Event Stream Intelligence: Esper & NEsper
This page summarizes the additional examples that come with the distribution and that are also available in source code.
A detailed description of each example can be found in the reference documentation.
Examples can be found in the "examples" folder of the distribution. Many examples are ready-to-run and provide scripts to compile and run the example from command line. Please see the readme file in the "examples/etc" folder for instructions.
The server shell is a Java Messaging Service (JMS) -based server that listens to messages on a JMS destination, and sends the received events into Esper. The example also demonstrates a Java Management Extension (JMX) MBean that allows remote dynamic statement management.
The server shell is a low-latency processor for JMS byte messages. It employs JMS listeners to process message in multiple threads, this model reduces thread context switching for many JMS providers. The server is configurable and has been tested with two JMS providers. It consists of only 10 classes and is thus easy to understand.
The server shell sample comes with a client (server shell client) that sends events into the JMS-based server, and that also creates a statement on the server remotely through a JMX MBean proxy class.
This example has been described in the On Java article titled "Esper: Event Stream Processing and Correlation".
The example is about a J2EE-based self-service terminal managing system in an airport that gets a lot of events from connected terminals.
The example code in the distribution package implements a J2EE message-driven enterprise Java bean (MDB EJB). We used an MDB as a convenient place for processing incoming events via a JMS message queue or topic.
This example out of the RFID domain processes location report events. Each location report event indicates an asset id and the current zone of the asset. The example solves the problem that when a given set of assets is not moving together from zone to zone, then an alert must be fired.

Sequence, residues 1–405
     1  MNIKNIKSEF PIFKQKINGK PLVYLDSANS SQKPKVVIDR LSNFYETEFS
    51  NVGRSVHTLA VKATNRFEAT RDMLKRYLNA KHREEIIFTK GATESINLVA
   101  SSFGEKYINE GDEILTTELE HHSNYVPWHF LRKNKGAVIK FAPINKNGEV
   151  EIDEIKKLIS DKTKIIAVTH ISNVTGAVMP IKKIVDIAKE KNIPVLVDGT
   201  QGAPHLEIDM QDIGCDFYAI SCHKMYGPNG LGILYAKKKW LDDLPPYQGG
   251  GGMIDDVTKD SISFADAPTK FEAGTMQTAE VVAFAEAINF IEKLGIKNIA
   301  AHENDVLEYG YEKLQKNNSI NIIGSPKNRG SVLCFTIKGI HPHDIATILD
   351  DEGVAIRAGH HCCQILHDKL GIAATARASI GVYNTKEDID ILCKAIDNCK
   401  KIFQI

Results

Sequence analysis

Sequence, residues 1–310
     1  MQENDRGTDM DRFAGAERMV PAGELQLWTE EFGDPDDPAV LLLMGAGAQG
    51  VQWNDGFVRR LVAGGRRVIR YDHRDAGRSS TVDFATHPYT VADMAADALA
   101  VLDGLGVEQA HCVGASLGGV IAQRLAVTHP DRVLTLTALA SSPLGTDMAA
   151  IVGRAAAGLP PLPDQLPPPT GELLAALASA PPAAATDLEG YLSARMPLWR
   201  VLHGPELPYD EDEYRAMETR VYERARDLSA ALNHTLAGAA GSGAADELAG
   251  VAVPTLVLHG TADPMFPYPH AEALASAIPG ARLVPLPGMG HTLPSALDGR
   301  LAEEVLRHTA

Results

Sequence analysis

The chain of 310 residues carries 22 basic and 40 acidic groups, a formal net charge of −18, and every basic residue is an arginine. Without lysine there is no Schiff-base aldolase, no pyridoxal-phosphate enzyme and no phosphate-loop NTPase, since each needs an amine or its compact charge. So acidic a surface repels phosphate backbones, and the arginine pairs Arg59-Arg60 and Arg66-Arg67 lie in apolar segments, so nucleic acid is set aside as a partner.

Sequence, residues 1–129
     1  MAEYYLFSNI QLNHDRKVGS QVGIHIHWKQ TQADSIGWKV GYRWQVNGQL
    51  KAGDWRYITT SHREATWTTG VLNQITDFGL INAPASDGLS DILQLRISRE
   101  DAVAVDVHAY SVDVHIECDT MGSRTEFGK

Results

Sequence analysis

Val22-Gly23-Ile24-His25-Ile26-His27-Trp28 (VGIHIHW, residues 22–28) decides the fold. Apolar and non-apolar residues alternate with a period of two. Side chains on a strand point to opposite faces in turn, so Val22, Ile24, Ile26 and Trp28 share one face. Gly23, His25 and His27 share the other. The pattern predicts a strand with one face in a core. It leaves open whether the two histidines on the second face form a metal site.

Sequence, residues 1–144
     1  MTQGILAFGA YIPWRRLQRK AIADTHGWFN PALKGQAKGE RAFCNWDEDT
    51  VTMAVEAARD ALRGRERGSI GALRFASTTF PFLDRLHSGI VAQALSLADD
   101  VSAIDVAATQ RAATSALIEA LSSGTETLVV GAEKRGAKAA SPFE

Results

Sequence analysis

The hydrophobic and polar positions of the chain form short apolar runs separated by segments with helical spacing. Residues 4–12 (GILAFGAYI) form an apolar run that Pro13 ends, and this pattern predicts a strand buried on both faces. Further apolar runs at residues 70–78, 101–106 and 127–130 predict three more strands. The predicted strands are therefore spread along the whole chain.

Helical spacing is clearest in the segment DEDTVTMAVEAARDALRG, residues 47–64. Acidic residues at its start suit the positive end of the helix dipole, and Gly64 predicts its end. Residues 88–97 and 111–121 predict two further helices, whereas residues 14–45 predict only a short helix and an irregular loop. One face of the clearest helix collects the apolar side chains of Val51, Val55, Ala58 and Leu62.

This example provides a Swing-based GUI that can be run from the command line. The GUI allows drag-and-drop of three RFID tags that form one asset group from zone to zone.
In this example an array of RFID readers sense RFID tags as pallets are coming within the range of one of the readers. A reader generates XML documents with observation information such as reader sensor ID, observation time and tags observed. A statement computes the total number of tags per reader sensor ID within the last 60 seconds.
The multithreaded StockTicker example comes from the stock trading domain. The example creates event patterns to filter stock tick events based on price and symbol. When a stock tick event is encountered that falls outside the lower or upper price limit, the example simply displays that stock tick event. The price range itself is dynamically created and changed. This is accomplished by an event patterns that searches for another event class, the price limit event.
In the MatchMaker example every mobile user has an X and Y location, a set of properties (gender, hair color, age range) and a set of preferences (one for each property) to match. The task of the event patterns created by this example is to detect mobile users that are within proximity given a certain range, and for which the properties match preferences.
This example develops code for measuring quality-of-service levels such as for a service-level agreement (SLA).
The example measures and monitors operation latency and error counts per customer and operation. When one of our operations oversteps these constraints, we want to be alerted right away. Additionally, we would like to have some monitoring in place that checks the health of our service and provides some information on how the operations are used.
About Esper for Java
About NEsper for .NET
License and Trademark Use
Articles and Presentations
Short Case Study
Longer Case Study
DEBS 2011 Challenge
How To Contribute
Last Published: Mar 04, 2013